Archive for March, 2010

Lithium Ion Cathode Materials

Sunday, March 28th, 2010

Lithium ion cathode materials research is one of the most pressing and challenging aspects of lithium ion battery development today, currently holding the most potential for improvement in terms of cell energy density, electrical performance and safety. Lithium ion cells contain many complex material structures and chemical reactions, some wanted and some unwanted, with the most significant bottleneck being the capacity, voltage, stability and cost of the cathode material itself.

The main ingredient that makes a lithium ion cell hazardous and risky of fire or explosion is the highly electronegative cathode material needed for positive electrode function. The cathode consists of a strong oxidizing agent needed to absorb incoming lithium cations from the electrolyte and electrons from the external circuit during discharge. To do this the cathode material contains a high level of oxygen bonded in various structures with metal atoms such as cobalt, nickel, vanadium, chromium, aluminum or manganese or in the form of a metal phosphate such as iron phosphate. The danger of having so many oxygen atoms in the cathode material is that a high temperature failure event could release the oxygen in a vicious fiery reaction or explosive burning with the often volatile hydrocarbon based electrolyte forming a perfect self contained fire triangle consisting of heat, fuel and oxygen!

Another strong oxidizing agent is sulfur which has the same valance configuration as oxygen and can be used in high energy density lithium-sulfur systems as are currently being developed by a few American companies such as Sion Power, Polyplus and Oxis Energy. The main drawback of a sulfur based cathode is that some of the intermediary LiSx compounds are solvent in the electrolyte commonly used in lithium ion cells causing the cathode and electrolyte to deteriorate, plus they often use a high capacity lithium metal anode in order to match the high capacity of the sulfur cathode and must therefore also deal with the uneven plating problems associated with lithium metal anodes. The theoretical energy density of the lithium sulfur system is very high up to 2500 Whr/kg with a practical energy density more in the range of 300-500 Whr/kg.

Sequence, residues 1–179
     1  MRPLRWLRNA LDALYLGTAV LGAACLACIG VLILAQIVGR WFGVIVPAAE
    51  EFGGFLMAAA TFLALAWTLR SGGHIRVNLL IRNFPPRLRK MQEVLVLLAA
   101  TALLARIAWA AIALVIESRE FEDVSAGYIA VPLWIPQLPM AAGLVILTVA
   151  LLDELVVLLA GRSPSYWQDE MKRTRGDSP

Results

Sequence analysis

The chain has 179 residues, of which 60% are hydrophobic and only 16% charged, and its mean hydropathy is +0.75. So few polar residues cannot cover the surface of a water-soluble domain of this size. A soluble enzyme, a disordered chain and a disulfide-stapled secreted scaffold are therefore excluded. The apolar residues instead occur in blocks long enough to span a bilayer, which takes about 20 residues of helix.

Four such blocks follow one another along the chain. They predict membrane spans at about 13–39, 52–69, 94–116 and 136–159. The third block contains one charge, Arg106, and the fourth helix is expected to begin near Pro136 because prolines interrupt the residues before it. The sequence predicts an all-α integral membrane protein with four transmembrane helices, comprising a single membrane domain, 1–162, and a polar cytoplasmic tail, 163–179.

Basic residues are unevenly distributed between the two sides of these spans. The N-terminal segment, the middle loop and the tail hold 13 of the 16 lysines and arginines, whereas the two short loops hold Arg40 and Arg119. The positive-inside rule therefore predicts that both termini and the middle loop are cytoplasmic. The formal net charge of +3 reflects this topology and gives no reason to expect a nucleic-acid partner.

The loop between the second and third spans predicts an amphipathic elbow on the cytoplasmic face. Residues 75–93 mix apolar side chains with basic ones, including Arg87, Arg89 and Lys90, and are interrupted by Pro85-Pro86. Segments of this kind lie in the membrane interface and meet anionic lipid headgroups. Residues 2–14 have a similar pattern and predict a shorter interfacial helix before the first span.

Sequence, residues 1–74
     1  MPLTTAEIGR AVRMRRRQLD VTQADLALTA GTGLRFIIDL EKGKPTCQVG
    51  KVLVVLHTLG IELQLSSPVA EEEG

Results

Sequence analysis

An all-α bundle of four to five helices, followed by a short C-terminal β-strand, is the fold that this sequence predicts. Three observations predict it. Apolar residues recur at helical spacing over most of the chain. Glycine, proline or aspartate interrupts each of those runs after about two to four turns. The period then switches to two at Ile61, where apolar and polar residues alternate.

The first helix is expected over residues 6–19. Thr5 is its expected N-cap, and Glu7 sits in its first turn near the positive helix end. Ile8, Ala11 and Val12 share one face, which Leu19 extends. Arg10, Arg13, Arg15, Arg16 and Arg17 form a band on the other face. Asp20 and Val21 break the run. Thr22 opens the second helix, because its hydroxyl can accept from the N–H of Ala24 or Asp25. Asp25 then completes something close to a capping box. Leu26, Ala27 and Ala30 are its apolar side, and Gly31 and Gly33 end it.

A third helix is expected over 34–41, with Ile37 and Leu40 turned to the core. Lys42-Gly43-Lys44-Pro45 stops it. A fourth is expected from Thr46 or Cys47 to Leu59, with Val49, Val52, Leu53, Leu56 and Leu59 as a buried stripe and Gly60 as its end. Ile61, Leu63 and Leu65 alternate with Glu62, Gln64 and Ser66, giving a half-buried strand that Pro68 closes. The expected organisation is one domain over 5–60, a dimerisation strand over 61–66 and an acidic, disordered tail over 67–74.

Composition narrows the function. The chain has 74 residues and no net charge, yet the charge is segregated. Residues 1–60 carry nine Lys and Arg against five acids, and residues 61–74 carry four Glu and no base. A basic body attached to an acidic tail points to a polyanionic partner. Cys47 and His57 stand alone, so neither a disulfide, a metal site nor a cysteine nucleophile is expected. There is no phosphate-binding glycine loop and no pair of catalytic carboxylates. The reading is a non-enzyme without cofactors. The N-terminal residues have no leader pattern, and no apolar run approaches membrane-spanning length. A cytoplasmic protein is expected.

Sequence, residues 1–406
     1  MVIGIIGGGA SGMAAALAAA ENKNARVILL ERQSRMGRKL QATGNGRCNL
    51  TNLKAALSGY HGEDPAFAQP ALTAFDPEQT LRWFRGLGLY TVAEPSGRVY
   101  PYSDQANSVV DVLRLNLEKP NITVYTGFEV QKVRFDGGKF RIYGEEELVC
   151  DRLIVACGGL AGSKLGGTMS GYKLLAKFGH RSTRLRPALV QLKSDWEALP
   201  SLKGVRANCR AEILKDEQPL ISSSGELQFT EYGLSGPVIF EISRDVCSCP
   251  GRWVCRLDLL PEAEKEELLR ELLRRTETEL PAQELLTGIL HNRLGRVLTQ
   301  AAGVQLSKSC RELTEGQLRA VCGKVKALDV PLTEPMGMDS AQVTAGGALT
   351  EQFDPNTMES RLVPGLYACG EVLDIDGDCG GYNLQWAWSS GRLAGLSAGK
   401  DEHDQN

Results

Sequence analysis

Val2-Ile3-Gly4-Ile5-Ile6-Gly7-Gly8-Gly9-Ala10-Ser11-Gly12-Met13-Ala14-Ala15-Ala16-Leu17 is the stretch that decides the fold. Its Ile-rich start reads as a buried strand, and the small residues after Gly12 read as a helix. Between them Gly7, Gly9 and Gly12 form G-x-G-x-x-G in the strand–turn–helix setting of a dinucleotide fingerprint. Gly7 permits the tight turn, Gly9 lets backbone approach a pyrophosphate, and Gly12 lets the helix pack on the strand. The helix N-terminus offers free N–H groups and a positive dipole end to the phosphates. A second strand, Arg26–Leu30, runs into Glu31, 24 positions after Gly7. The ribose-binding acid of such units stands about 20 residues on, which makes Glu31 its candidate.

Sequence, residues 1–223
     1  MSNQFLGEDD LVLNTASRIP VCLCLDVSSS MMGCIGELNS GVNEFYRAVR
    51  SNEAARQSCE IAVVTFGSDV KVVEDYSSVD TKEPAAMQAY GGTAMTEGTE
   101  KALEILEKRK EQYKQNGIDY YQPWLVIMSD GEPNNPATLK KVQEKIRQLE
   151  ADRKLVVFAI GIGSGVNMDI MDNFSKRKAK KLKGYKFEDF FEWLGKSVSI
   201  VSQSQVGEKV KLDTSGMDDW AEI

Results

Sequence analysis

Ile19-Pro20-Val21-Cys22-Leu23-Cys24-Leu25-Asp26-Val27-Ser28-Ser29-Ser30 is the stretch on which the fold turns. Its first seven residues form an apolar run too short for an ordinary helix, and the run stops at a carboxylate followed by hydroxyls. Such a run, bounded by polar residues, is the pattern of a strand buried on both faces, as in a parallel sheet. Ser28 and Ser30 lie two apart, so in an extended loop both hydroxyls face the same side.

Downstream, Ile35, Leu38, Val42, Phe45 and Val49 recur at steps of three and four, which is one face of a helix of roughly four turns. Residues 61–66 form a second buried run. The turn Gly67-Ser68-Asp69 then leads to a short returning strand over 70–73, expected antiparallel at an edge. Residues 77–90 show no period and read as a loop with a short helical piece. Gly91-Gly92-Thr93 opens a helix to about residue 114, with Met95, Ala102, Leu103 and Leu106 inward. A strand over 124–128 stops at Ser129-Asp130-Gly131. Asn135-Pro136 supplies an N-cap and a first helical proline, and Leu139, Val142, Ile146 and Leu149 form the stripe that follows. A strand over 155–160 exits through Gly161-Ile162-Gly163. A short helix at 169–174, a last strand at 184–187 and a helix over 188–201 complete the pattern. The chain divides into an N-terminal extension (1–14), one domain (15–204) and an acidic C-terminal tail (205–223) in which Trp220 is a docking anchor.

Synthesis of most common cathode materials are lithium containing in the discharged state and are the only source of lithium within the cell upon construction. After construction the first charge is called the formation charge where the cathode is slowly delithiated to form the Solid Electrolyte Interphase (SEI) layer against the typically carbon anode. The SEI layer is formed from components in the electrolyte and lithium from the cathode. Additional lithium is also irreversibly lost into the carbon anode itself for a total irreversible first charge capacity loss of 20% or more.

Table 1 gives a basic comparison of a number of cathode materials commonly used today. The best cathode materials have both high capacity and high voltage versus lithium to give maximum energy density, as well as low cost, low toxicity and high cycle life.

Table 1

Cathode Material Theoretical Capacity mAhr/g Practical Capacity mAhr/g Voltage versus Lithium Cycle Life Safety Toxicity Cost
Cobalt Oxide 273 140 3.6 Good Poor Med High
NiCo Oxide 240 180 3.5 Good Good Med Med
Layered Mn Oxide 285 160-190 3.8 Very Good Very Good Low Low
Iron Phosphate 170 120 3.2 Very Good Very Good Low Low
Lithium Sulfide 1600 400-600 2.3 Poor Poor Low Low